HC appoints valuers for Cadbury shares; investors relieved

HC appoints valuers for Cadbury shares; investors relieved

HC appoints valuers for Cadbury shares; investors relieved

Hearing an intervention application filed by Investors Grievances Forum, a body for protection of small investors, Justice S J Kathawala, in an order on April 15, asked Ernst & Young to independently value the shares of Cadbury India and submit a report in a sealed cover within six weeks.

Cadbury shareholders opposed valuation of shares based on the report prepared by Independent Valuers M/s Bansi Mehta and Co and M/s SSPA and Co which arrived at Rs 1340 per share, IGF Counsels Chandu Mehta and Darshan Mehta told reporters.

According to IGF, the company has proposed share capital reduction scheme whereby 97.4 per cent majority promoter shareholders plan to acquire 2.5 per cent minority shareholding at a price fixed by the valuers. Cadbury's Counsel, Janak Dwarkadas, said the exercise of valuation of Cadbury shares by M/s Bansi Mehta and Co and M/s SSPA and Co was in conformity with the law laid down by the apex Court, pertaining to value of shares, in many judgements.

However, the company is agreeable to get the valuation done by an independent valuer appointed by the Court. But this valuation should be treated as final and binding on all the objectors and shareholders of Cadbury who would not be allowed to pursue their objections later, he said.

Cadbury's counsel Dwarkadas submitted that an assurance from the Court to make valuer's report binding on shareholders was necessary to avoid the matter from getting delayed and also not to cause any prejudice to the company. The objectors agreed to the suggestion of the Cadbury's Counsel with a caveat that this would be free to interfere with the report in the event it finds any grave infirmity in the valuation report obtained from the independent valuer.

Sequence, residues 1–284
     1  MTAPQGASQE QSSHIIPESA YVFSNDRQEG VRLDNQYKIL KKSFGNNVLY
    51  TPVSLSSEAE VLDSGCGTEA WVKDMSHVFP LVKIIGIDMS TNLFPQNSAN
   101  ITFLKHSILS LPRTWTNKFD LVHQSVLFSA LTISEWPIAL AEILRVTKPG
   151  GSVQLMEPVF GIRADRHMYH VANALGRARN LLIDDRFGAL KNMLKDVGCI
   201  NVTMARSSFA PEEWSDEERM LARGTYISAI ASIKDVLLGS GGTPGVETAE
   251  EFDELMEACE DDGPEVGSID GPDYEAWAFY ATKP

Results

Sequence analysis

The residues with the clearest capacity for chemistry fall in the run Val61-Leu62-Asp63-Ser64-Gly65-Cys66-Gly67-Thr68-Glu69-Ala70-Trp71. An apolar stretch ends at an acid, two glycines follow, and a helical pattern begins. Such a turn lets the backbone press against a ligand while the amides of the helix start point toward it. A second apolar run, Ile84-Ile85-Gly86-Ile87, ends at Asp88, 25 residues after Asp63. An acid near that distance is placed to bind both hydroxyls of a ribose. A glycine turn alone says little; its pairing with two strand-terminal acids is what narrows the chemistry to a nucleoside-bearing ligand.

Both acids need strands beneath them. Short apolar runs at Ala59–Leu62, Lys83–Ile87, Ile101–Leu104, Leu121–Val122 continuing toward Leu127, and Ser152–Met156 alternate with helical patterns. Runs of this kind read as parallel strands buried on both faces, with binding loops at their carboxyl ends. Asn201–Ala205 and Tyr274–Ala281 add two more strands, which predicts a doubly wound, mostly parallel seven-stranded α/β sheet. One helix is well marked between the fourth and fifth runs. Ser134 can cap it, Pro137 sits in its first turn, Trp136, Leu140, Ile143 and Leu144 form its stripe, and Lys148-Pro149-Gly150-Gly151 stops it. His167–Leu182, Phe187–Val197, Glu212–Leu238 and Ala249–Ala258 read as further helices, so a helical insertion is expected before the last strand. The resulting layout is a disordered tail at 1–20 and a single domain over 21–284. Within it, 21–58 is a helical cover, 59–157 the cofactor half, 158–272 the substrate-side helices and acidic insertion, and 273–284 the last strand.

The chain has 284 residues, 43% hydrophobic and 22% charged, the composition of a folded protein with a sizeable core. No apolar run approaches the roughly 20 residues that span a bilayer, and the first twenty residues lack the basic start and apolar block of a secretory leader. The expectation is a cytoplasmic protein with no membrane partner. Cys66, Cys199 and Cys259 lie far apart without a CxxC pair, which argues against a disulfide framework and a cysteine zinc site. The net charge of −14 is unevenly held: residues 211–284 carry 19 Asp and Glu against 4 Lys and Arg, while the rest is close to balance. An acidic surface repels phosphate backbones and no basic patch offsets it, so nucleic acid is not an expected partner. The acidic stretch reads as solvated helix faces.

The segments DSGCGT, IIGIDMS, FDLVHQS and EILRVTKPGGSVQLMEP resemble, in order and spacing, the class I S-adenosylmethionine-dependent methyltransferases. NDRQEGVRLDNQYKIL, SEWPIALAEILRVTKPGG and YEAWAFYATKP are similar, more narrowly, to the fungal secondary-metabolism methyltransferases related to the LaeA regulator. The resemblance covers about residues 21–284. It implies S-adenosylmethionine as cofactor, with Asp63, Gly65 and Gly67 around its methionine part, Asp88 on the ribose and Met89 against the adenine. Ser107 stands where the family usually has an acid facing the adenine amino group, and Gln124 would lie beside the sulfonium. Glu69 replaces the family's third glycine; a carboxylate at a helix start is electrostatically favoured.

Appointing Ernst & Young as independent valuers, the judge ordered that fresh valuation will be as on appointed date and shall be based on the unaudited balance sheet as on July 31, 2009, on the same material as provided to earlier valuers. Accordingly, the company-appointed valuers were asked to hand over the material relied upon them in a sealed cover to the court appointed valuer.

The objectors have been allowed to file their objections to the court appointed valuer by April 29 which shall be considered by the latter. The court further ruled that the valuation by Ernst & Young shall be final and binding on all the objectors and shareholders, subject to the caveat. 

According to IGF, Cadbury has 8088 shareholders in and outside India. Of them, 800 are minority non-promotor shareholders. At an extra ordinary general body meeting of the Company, only 79 out of over 8,000 shareholders were present. Considering that resolutions to be passed at EGBM would result in total loss of ownership of shares by the minority shareholders, the company ought to have invited votes by postal ballot instead of expecting all shareholders to remain present and vote on such a crucial issue, IGF argued.

This compulsory acquisition of shares without even being heard is completely in violation of constitutional right of minority shareholders conferred to them under article 300A of the Constitution, IGF contended. IGF argued that the reason given by Cadbury to reduce share capital was that the global policy of the parent company has always been to operate in all the jurisdictions across the world through a wholly owned subsidiary or as a branch.

IGF contended that in February 2010, Cadbury investors had accepted the bid of Krafts Food to take over the company and hence Cadbury has ceased to exist and decision whether to operate as a wholly owned subsidiary in all jurisdictions or to issue fresh shares and get relisted in all jurisdictions will now be decided by Krafts Food and not Cadbury.

IGF argued that proposed share reduction will result in substantial increase in value of shares of the Company which will be more than Rs 1340 per share, now sought to be foisted upon small shareholders. By reducing capital only promoters would benefit at the cost of small shareholders.